## SUMMER SCHOOL IN THEORETICAL PHYSICS LES HOUCHES, FRANCE THEORY OF POINT PROCESSES FOR NEURAL SYSTEMS (2003)

### BibTeX

@MISC{Brown03summerschool,

author = {Emery N. Brown},

title = {SUMMER SCHOOL IN THEORETICAL PHYSICS LES HOUCHES, FRANCE THEORY OF POINT PROCESSES FOR NEURAL SYSTEMS},

year = {2003}

}

### OpenURL

### Abstract

preparing the figures. page 2: Les Houches 2003; An Introduction to the Theory of Point Processes; Emery N. Brown 1. Neural spike trains as point processes Modeling analyses of neural systems are typically performed with Hodgkin and Huxley, integrate-and-fire and neural network models. In general, these models treat the processes of action potential production as deterministic. Much insight in the behavior of neural systems has

### Citations

547 |
The Statistical Analysis of Failure Time Data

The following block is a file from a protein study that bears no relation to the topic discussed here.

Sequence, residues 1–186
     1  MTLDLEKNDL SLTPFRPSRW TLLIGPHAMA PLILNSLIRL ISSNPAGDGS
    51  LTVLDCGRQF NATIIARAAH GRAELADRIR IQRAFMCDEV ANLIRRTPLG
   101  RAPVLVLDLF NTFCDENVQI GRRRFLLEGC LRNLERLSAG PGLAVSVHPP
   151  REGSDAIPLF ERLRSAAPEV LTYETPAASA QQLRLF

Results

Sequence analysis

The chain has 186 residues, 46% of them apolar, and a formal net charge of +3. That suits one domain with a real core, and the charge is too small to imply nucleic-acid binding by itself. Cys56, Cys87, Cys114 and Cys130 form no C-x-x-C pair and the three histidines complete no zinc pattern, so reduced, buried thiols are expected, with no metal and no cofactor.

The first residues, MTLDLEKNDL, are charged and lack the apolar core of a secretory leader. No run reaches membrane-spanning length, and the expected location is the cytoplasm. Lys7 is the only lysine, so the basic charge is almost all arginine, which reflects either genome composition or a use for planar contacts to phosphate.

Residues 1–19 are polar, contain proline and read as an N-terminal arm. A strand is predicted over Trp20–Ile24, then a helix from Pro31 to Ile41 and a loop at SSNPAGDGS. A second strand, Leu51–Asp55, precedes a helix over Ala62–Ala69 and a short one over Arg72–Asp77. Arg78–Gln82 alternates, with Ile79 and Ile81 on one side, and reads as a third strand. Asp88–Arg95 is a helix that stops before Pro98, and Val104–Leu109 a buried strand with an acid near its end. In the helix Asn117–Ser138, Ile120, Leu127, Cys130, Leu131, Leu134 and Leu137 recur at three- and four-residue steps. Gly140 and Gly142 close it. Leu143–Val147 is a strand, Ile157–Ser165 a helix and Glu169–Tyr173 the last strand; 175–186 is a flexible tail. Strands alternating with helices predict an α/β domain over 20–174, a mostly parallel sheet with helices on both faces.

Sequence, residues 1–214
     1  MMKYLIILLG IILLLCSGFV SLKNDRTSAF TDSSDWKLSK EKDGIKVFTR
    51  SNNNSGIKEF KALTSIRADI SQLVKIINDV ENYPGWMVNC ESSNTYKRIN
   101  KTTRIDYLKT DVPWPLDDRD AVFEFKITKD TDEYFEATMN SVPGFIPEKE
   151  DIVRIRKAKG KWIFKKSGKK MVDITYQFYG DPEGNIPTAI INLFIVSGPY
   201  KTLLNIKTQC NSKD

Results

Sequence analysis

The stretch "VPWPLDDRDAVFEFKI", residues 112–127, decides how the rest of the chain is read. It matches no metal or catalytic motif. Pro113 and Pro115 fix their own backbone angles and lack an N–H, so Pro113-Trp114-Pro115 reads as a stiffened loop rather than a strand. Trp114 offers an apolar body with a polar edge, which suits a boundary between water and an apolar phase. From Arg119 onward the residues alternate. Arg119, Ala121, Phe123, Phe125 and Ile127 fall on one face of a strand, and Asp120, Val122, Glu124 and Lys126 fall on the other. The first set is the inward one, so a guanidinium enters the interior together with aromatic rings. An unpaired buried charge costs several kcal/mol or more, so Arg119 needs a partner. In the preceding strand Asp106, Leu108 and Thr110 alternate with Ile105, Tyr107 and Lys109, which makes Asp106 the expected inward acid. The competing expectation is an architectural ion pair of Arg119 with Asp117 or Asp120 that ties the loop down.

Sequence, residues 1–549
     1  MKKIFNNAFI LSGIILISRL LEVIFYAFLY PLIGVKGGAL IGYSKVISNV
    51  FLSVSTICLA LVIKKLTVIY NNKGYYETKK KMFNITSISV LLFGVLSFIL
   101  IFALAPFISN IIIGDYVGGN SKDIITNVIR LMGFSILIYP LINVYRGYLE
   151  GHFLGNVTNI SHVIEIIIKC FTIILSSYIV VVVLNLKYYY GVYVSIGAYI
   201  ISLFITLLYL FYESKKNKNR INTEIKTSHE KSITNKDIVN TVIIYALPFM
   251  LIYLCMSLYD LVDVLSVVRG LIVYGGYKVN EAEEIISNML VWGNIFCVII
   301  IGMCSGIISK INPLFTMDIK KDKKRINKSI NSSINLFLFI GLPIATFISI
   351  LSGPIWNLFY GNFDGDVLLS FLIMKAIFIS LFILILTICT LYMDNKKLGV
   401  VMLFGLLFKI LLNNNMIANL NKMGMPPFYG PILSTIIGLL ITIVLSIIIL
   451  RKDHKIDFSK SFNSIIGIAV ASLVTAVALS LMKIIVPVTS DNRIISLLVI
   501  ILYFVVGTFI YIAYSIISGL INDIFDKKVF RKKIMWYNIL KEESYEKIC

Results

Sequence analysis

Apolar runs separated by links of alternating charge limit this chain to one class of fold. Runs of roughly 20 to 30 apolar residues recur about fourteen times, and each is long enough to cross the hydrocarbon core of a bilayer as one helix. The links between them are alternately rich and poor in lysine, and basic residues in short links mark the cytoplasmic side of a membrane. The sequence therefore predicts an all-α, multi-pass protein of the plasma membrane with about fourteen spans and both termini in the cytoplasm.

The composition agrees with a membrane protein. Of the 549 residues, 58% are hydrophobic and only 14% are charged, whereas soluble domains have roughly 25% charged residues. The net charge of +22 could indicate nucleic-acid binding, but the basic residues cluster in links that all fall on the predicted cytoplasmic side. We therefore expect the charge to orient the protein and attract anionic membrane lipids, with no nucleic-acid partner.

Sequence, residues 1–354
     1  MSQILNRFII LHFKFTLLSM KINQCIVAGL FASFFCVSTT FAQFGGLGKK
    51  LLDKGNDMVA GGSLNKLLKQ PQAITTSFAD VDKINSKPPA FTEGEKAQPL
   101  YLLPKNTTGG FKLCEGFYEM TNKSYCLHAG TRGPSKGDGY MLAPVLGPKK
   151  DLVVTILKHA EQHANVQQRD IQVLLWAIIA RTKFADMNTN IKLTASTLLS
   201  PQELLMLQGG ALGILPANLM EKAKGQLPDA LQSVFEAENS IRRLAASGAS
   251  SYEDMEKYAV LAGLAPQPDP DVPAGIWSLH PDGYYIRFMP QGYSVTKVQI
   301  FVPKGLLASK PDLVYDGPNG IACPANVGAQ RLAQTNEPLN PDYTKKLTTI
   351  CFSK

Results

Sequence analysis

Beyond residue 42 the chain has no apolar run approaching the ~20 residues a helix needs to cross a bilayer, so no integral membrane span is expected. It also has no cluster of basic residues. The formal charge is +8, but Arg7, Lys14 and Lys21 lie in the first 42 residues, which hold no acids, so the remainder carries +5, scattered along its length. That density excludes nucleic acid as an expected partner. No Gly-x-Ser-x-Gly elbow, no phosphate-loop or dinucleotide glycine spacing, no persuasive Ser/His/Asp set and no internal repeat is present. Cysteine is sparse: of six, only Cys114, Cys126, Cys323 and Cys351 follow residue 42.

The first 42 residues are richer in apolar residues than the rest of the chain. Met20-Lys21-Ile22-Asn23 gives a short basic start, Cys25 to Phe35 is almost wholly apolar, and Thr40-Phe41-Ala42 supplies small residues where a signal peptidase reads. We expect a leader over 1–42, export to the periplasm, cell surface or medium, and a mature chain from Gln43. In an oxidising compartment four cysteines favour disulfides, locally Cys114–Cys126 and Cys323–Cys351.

- Kalbfleisch, Prentice
- 2002
(Show Context)
Citation Context ... λ ( t| Ht) depends on the history of the spike train and therefore, it is also termed the stochastic intensity. In survival analysis the conditional intensity function is called the hazard function. =-=[9,10]-=- This is because the hazard function can be used to define the probability of an event in the interval [ tt+∆ , ) given that there has not been an event up to t . For example it might represent the pr... |

446 |
Stochastic Simulation
- Ripley
- 1987
(Show Context)
Citation Context ...no spike if u k = 0. While in many instances there will be faster, more computationally efficient algorithms for simulating a point process, such as model based methods for specific renewal processes =-=[26]-=- and thinning algorithms, the algorithm in Eq. 7.6 is simple to implement. For an example of where this algorithm is crucial for point process simulation we consider the inhomogeneous inverse gamma mo... |